Imagine someone stealing you design and selling as theirs. Fighting them will take ages and if you’re a small designer, it’s easier to let it go. That must stop!
This article is the second article in a series of developing a Blockchain business network. Last week’s article focused on introducing this series and highlighting its key features. Check out the article to learn more. This week, I will be highlighting some use cases of Blockchain. I will conclude by sharing a use case that will be designed throughout this series.
Why Hyperledger Fabric
In last week’s article, I mentioned that I will be using Linux Foundation’s and IBM’s Hyperledger Fabric as a foundation for the Blockchain solution. I got a few questions and push backs about this decision so I think it is a good idea to start with highlighting why I am using Hyperledger Fabric. To begin, I would like to mention that I believe that many of the other Blockchains like Ethereum are great. However, I will only be sharing my opinion on Hyperledger Fabric as a good framework for developing business networks. Firstly, Fabric is, by design, permissioned. We can collectively define memberships and access rights. In other words, participation can be restricted and this is good for an enterprise system. It also provides a selectively high degree of confidentiality which makes it a good choice for businesses and enterprises. Additionally, it does not require any gas (high computational power or a currency) to run. Finally, Hyperledger Fabric is supported by the Linux Foundation and I believe that it is a good initiative and it has the potential to transform businesses.
Use Cases of Blockchain
So, what exactly can Blockchains be used for? A Blockchain is good for establishing trust in systems where the parties do not trust each other. Blockchain enforces trust between parties and ensures that each party gets what they are entitled to. A Blockchain is also good for systems where consensus is important and systems that need to be highly secure and impenetrable. Some use cases of Blockchain include:
Transactions: Blockchains are good for peer-to-peer asset exchange because it strongly reduces or even eliminates counterparty risk. For example, paying someone in another country without using a bank transfer which can take days/weeks and comes with a big fee.
Reconciliation: The current process in many financial institutions is that at the end of each day/week, transfers between two parties get reconciled with one party paying the other a balance. This is a better approach than the earlier methods of back and forth transfer between the parties. Blockchain will make the current process easily auditable because each transaction can easily be traced back to its origin in a Blockchain system.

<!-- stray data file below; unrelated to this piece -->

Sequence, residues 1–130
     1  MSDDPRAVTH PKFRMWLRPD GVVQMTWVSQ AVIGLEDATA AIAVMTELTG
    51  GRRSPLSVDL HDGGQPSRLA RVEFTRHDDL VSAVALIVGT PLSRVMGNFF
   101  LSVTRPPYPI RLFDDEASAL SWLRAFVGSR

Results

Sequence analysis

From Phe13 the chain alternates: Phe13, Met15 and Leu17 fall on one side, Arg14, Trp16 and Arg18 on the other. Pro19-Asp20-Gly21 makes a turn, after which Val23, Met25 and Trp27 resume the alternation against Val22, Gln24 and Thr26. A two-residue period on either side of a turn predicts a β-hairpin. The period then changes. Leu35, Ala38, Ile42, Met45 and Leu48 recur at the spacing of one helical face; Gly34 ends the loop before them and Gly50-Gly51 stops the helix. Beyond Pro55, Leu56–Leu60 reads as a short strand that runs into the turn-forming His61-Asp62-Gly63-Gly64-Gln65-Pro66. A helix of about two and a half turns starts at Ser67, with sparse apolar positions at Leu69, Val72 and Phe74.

Blockchain in Fashion
When I was a boy growing up in Nigeria, my mother introduced me via her fashion and fabric business to the world of designing custom clothes that are tailored to fit. A key lesson that I learned while watching her train apprentices is that precision and great attention to detail is key to the fit of any dress. Precision also plays a key role in minor things like threading a sewing machine or hand beading a dress. Experienced designers like my mother and others in the industry who come up with innovative designs and methods for improving these designs are oftentimes not given credit for their innovative and novel ideas. Any other designer or even a tailor can easily just copy the design and sell them as theirs. What if there was a system that holds an indestructible record of each new design and allows auditing while also flagging already existing designs that we try to add to the system? Well, I believe Blockchain can be used to build out this solution. Because I just came up with this idea while writing this article, I currently do not have an end to end business case for it. Next week, I will do a deep dive into how Blockchain can fit into the idea and we can start planning out the business network.
By way of review, in today’s piece, I mentioned that I chose Hyperledger fabric because it is permissioned, does not require high computational power and it is backed by the Linux Foundation. I also discussed how Blockchains can be used for asset exchange and reconciliation. Finally, I told you a story about my mother’s fashion business. I then concluded by making a proposal for a Blockchain solution in the fashion industry. For next week, assuming you have a use case for Blockchain, think about who the participants of your business network will be, what the asset(s) are and what transactions (smart contracts) need to be executed in the Blockchain network to accomplish your business goal. Please, leave questions and comments below. See you next week!
This article was first published on my Linkedin on August 11, 2017